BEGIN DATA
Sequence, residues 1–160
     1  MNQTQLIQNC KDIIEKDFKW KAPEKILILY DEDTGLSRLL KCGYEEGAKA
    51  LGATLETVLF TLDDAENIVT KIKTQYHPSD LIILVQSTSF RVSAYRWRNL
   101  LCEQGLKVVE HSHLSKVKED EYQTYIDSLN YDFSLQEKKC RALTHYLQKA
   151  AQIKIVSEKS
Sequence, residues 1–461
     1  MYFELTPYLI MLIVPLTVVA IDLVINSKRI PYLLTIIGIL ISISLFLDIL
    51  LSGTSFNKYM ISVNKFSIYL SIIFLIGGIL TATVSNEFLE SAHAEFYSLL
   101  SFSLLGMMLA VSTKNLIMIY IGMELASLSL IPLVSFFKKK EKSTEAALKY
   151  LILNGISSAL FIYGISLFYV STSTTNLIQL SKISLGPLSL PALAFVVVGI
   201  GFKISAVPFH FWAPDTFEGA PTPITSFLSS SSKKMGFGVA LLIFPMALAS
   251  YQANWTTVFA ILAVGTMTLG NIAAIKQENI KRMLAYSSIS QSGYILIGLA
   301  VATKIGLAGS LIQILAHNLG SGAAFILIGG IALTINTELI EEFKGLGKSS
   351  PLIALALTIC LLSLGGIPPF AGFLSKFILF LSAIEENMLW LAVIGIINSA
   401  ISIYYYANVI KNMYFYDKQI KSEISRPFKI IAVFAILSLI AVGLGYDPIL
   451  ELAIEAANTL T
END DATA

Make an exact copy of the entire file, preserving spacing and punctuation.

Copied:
Sequence, residues 1–160
     1  MNQTQLIQNC KDIIEKDFKW KAPEKILILY DEDTGLSRLL KCGYEEGAKA
    51  LGATLETVLF TLDDAENIVT KIKTQYHPSD LIILVQSTSF RVSAYRWRNL
   101  LCEQGLKVVE HSHLSKVKED EYQTYIDSLN YDFSLQEKKC RALTHYLQKA
   151  AQIKIVSEKS
Sequence, residues 1–461
     1  MYFELTPYLI MLIVPLTVVA IDLVINSKRI PYLLTIIGIL ISISLFLDIL
    51  LSGTSFNKYM ISVNKFSIYL SIIFLIGGIL TATVSNEFLE SAHAEFYSLL
   101  SFSLLGMMLA VSTKNLIMIY IGMELASLSL IPLVSFFKKK EKSTEAALKY
   151  LILNGISSAL FIYGISLFYV STSTTNLIQL SKISLGPLSL PALAFVVVGI
   201  GFKISAVPFH FWAPDTFEGA PTPITSFLSS SSKKMGFGVA LLIFPMALAS
   251  YQANWTTVFA ILAVGTMTLG NIAAIKQENI KRMLAYSSIS QSGYILIGLA
   301  VATKIGLAGS LIQILAHNLG SGAAFILIGG IALTINTELI EEFKGLGKSS
   351  PLIALALTIC LLSLGGIPPF AGFLSKFILF LSAIEENMLW LAVIGIINSA
   401  ISIYYYANVI KNMYFYDKQI KSEISRPFKI IAVFAILSLI AVGLGYDPIL
   451  ELAIEAANTL T